The “Lost Decade”: It’s a moniker that many stock market commentators have applied to the 2000s, a decade in which we saw two major bear markets and the S&P 500 benchmark ended up well in the red. But that doesn’t tell the whole story.
“It was only a lost decade if you anchored on equities as your core holding and you relied on cap-weighting,” Rob Arnott of Research Affiliates tells Bloomberg. “It was a lost decade for most investors, but it didn’t have to be.”
Arnott was referring to the difference between cap-weighted indexing, in which the companies in different indexes are weighted based on their market capitalization, and other non-cap-weighted indexing. According to Bloomberg, the S&P 500 Equal Weighted Index (which gives all 500 holdings the same weighting) rose 66% from the peak of the dot-com bubble through Dec. 2 of this year, while the more popular cap-weighted S&P 500 was down sharply. (Arnott uses fundamental indexing, which weights the companies in an index by the size of their business, not their market cap. He also focuses on an approach that is more diversified in terms of different asset classes than most investors, which he has said would’ve helped many investors during the “Lost Decade”.)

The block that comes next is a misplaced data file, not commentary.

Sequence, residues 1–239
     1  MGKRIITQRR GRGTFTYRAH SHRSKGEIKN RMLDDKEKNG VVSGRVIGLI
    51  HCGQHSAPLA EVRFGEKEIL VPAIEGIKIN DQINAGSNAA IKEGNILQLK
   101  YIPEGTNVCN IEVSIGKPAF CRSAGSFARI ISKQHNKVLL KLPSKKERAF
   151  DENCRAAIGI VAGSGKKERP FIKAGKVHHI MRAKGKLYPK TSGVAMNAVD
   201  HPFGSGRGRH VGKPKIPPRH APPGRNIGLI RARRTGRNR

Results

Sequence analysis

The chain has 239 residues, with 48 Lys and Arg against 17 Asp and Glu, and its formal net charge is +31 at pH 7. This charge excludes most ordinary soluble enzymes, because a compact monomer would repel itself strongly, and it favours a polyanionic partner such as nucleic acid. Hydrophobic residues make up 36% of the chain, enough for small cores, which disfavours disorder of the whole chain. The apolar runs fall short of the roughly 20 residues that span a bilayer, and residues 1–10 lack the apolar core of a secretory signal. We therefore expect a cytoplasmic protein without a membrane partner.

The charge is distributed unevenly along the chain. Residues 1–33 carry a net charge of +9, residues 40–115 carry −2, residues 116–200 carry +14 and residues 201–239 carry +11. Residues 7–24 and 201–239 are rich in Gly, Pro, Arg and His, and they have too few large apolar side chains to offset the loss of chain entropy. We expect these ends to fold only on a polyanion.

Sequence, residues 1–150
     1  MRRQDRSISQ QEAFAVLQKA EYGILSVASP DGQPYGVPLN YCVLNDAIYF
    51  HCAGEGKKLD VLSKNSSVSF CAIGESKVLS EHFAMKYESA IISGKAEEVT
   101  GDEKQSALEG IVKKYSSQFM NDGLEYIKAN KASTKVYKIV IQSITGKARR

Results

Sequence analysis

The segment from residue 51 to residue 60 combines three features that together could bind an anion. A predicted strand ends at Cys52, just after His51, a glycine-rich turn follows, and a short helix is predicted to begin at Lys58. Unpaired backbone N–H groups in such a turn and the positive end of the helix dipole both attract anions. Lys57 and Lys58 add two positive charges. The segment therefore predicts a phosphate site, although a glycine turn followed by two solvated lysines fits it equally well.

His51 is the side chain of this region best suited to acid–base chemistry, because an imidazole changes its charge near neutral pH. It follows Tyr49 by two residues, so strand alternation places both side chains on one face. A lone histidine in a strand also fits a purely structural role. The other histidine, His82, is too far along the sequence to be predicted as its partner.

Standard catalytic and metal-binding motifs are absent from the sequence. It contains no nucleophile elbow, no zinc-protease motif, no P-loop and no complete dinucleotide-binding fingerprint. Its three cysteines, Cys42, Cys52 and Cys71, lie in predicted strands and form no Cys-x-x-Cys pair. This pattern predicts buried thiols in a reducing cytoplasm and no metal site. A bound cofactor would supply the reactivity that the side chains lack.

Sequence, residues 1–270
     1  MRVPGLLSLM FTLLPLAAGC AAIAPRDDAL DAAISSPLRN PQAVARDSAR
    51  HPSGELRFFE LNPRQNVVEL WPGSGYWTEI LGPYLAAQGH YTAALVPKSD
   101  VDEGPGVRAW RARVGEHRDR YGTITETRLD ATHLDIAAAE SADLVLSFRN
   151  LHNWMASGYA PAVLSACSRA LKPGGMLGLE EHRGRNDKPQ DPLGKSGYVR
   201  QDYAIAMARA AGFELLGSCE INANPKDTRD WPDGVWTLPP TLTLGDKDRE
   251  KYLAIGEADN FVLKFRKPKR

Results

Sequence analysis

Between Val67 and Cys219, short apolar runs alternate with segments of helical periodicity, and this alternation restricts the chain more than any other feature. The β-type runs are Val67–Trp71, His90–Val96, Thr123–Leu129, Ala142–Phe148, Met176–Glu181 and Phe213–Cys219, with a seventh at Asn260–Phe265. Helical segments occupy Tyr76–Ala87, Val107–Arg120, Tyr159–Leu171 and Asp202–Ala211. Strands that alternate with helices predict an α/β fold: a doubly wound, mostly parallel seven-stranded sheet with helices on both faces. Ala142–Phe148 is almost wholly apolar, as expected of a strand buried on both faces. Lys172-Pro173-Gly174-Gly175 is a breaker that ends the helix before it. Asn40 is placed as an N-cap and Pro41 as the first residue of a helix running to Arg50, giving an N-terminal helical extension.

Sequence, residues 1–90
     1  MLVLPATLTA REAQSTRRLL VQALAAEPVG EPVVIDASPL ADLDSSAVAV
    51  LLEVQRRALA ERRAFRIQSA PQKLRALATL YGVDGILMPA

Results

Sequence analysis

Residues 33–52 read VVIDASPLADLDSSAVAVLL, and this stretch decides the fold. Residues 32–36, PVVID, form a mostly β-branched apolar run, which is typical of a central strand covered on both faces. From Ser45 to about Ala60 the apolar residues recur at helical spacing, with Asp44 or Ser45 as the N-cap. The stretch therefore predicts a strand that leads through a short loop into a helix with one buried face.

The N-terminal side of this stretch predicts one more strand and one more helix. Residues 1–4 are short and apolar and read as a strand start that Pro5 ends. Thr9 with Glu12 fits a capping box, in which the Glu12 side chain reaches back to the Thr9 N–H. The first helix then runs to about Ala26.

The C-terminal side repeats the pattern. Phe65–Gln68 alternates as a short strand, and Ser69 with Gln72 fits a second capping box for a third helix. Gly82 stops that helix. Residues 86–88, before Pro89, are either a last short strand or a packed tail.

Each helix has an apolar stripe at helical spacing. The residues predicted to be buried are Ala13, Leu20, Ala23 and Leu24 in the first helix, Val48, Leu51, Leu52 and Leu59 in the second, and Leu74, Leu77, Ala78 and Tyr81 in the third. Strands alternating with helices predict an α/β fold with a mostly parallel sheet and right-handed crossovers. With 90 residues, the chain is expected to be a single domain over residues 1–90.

Cliff Asness of hedge fund AQR said the difference was a reflection of smaller-cap stocks and lower-valued shares doing well during the supposed “Lost Decade”. Asness says that most investors’ index holdings are cap-weighted, so they missed out. “Sorry, I’m not sure it means more than small-cap and cheap stocks had a good decade,” Asness said. “If you add us all up, we add up to cap-weighted, not equal- weighted indexes.”
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